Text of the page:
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Rage, Rage Against The Rising Of The (Cigarette) Light

New York
Stern Auditorium, Carnegie Hall
03/17/2017 -  
Ottorino Respighi: Vetrate di chiesa – Rossiniana
Ermanno Wolf-Ferrari: Il segreto di Susanna

Julianne Borg (Soprano), Michael Kelly (Baritone)
The Orchestra Now, Leon Botstein (Conductor)

M. Kelly (© Courtesy of the Artist)

“Smoking I find the most ridiculous of all the varieties of human behavior and practically the only one that is entirely against nature. Can you imagine a cow or any animal taking a mouthful of smoldering straw then breathing in the smoke and blowing it out through its nostrils?”
Ian Fleming, Goldfinger

As New York’s Sanhedrin–the pious all-knowing Jewish Establishment–shouted recriminations and anathematizations at John Adams’ Death of Klinghoffer outside the Metropolitan Opera about two years ago, I firmly expected that the American Medical Association and AARP would rage, rage against the rising of the light (the cigarette light in this case)–outside Carnegie Hall last night.

The Secret of Susannah was not only an homage to (what we now know as) the Coffin Nail, the Cancer Stick, but in one beautiful Puccini-style aria, our eponymous heroine sings of “the gossamer mist rising in azure rings and circling into nothingness...”

And to end this comic opera with the two singers lighting up and congratulating themselves on both enjoying their tobacco. Well... that is hardly educational for our children and grandchildren.

This aside, The Secret of Susannah by the German/Venetian master Ermanno Wolf-Ferrari was a delicious jewel, unearthed, of course, by Leon Botstein. Amongst his manifold merits, Mr. Botstein is one of the great musical archeologists of New York, digging up shards of music which nobody else would touch. And while this is not always successful, last night’s 45-minute “intermezzo” achieved a real memorability.

Part is the music itself, for in the age of Mascagni, Leoncavallo and Puccini, composer Wolf-Ferrari could hold his own. Only two singers in the entire opera, but their various arias were melodious, dramatic and memorable. Yes, they clung fiercely to the zeitgeist of the fin de siècle (written around 1908), coming very close to Puccini originality. But they had a transparent touch as well.

Then there was the libretto–which I saw as a parody of operatic melodrama of the time. The story was simplicity itself. A husband believes his wife his cheating on him because he smells cigarette smoke in their apartment. She believes he is angry because of the cigarette itself. It was Abbott-and-Costello confusion–but with all the faux drama of Puccini. In fact, during an interrogation, I was reminded of the tragic inquisition of husband and wife of Puccini’s Il tabarro (instead of Il Tobacco!). It all ends happily enough.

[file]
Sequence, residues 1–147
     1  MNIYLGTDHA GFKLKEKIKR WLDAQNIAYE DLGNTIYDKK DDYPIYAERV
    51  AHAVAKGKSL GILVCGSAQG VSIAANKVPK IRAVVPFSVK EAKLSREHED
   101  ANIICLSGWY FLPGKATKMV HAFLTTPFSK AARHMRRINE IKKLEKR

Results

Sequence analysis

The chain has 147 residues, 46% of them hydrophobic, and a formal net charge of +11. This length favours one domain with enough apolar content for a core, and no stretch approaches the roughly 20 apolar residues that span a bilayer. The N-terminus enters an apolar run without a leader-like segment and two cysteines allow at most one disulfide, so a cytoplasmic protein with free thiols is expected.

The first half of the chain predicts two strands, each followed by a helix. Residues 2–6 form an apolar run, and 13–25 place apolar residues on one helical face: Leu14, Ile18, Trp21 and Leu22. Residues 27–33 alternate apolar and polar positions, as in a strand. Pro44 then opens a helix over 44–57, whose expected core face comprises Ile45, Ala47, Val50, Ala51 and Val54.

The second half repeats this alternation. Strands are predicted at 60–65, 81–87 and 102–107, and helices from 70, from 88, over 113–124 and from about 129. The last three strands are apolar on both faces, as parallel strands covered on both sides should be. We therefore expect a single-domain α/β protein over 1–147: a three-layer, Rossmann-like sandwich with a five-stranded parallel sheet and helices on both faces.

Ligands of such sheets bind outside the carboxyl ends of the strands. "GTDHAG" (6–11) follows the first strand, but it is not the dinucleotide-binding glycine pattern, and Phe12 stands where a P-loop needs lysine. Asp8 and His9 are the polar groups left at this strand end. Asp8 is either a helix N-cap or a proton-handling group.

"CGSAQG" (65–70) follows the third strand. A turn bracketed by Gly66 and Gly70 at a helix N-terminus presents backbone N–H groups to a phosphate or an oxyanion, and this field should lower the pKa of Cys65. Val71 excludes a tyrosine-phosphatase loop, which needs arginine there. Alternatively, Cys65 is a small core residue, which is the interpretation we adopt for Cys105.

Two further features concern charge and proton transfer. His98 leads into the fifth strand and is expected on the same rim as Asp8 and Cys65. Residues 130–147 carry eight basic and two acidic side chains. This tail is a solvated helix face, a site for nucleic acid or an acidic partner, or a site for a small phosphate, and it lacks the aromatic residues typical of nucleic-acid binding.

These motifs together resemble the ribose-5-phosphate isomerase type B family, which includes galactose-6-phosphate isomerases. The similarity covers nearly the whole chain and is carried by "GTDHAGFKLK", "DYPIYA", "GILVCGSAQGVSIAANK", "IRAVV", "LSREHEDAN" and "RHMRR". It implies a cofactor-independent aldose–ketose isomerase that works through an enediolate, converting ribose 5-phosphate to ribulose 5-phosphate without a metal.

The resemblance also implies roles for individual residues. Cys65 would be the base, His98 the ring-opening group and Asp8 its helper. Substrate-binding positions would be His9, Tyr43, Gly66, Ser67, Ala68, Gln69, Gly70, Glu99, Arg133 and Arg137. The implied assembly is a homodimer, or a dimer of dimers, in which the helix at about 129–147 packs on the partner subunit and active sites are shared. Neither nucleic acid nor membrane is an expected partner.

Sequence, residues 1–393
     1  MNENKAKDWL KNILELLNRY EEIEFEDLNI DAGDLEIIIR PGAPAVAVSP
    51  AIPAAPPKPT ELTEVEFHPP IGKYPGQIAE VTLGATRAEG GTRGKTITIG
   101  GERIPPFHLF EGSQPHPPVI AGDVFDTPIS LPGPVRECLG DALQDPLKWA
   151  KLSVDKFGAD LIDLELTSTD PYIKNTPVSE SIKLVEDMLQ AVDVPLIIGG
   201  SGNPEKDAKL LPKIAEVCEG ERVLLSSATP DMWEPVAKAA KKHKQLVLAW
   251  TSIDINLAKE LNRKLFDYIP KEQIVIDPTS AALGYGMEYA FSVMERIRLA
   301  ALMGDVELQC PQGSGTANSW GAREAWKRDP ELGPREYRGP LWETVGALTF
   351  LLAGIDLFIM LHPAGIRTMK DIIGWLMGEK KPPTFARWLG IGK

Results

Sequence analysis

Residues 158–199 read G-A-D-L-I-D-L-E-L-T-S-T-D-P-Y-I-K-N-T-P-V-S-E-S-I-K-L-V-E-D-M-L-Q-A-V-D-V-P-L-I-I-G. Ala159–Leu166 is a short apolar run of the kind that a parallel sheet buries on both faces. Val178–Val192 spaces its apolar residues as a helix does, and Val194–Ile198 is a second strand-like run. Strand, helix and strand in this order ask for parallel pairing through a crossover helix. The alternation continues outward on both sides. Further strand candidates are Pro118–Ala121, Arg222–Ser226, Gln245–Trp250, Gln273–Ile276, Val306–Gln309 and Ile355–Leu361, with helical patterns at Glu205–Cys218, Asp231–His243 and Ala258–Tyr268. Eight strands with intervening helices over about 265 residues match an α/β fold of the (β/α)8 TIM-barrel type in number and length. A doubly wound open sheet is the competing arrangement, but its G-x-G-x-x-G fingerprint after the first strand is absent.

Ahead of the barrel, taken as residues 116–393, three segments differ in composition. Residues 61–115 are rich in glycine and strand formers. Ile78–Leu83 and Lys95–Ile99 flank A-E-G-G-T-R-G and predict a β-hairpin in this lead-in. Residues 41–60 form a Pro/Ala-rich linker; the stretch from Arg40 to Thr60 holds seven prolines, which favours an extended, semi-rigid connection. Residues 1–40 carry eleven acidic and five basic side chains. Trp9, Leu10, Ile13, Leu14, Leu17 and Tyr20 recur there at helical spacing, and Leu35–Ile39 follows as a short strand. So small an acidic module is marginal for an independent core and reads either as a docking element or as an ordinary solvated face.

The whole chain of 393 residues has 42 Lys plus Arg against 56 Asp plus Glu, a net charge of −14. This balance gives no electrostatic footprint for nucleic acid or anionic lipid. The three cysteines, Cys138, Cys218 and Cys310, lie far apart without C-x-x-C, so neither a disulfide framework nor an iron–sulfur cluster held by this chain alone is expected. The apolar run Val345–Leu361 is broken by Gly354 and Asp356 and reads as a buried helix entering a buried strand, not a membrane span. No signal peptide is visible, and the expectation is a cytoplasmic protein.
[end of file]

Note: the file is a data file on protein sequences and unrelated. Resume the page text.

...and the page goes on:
Third were the performers. Michael Kelly’s picture is on top only in homage to St. Patrick’s Day. But his growling, melodramatic pushing and shoving and his love duets were exciting and sync with the times.

J. Borg (© Courtesy of the Artist)

Yet Julianne Borg, starting with a light strained voice, quickly gained composure, and her “smoking aria” had an import worthy of heavier operas.

Mr. Botstein is working with his The Orchestra Now, a corny name for the initials TON), his newest creation. They are a large group, they were perhaps rough around the edges for some of the opera, but the Wolf-Ferrari orchestration kept them floating.

The first half was devoted to a pair of other rarely-played works by another turn-of-the-century composer, Ottorino Respighi. True, his Church Windows was played by Charles Dutoit with the New York Phil some years ago, yet the TON group played this equally beautifully. And if I remember, the opening “Flight into Egypt” had last night a more exciting patina than the lugubrious Dutoit performance.

This, though, was customary Respighi. One either goes for the color and crescendos and over-vivid orchestration, or one is turned off. After all, Respighi achieved his painting through mentor Nicolai Rimsky-Korsakov, and the flute/clarinet solos in “St. Michael the Archangel” came directly from Scheherazade. I happen to love this stuff, just like I love the kitschiest orchestrations of Bach.

One sometimes needs the birthday-cake sprinkles on more solemn music.

And while Rossini opera is hardly solemn, Respighi, in the opening Rossiniana took a quartet of piano pieces from Rossini’s old age. In fact, unlike his Boutique fantasque, they are dark (though hardly Cimmerian) and sometimes almost meditative.

The playing by the whole TON ensemble and the various solos was top-rate, a fine opening for an always effulgent evening. Although three of the players gave their personal introductions to each work, I did miss the Botstein megillah on the music. We have other excellent music annotators, but Leon Botstein is the only one who puts music into the context of history, ideas, personalities and even the political events of the time.

That omission was slight, though. He had chosen music last night which hardly exhausted the brain-cells, but well energized the senses.

Harry Rolnick



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